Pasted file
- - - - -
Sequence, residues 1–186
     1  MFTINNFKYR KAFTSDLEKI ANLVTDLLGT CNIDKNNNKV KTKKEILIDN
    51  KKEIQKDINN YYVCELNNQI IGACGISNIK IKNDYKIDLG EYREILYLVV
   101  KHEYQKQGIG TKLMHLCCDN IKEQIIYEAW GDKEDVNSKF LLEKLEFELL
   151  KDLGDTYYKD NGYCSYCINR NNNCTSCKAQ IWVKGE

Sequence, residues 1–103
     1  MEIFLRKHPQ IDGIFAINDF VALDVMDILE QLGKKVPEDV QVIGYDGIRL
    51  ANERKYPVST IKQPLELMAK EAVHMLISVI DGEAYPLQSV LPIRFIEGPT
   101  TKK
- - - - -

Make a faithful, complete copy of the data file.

Sequence, residues 1–186
     1  MFTINNFKYR KAFTSDLEKI ANLVTDLLGT CNIDKNNNKV KTKKEILIDN
    51  KKEIQKDINN YYVCELNNQI IGACGISNIK IKNDYKIDLG EYREILYLVV
   101  KHEYQKQGIG TKLMHLCCDN IKEQIIYEAW GDKEDVNSKF LLEKLEFELL
   151  KDLGDTYYKD NGYCSYCINR NNNCTSCKAQ IWVKGE

Sequence, residues 1–103
     1  MEIFLRKHPQ IDGIFAINDF VALDVMDILE QLGKKVPEDV QVIGYDGIRL
    51  ANERKYPVST IKQPLELMAK EAVHMLISVI DGEAYPLQSV LPIRFIEGPT
   101  TKK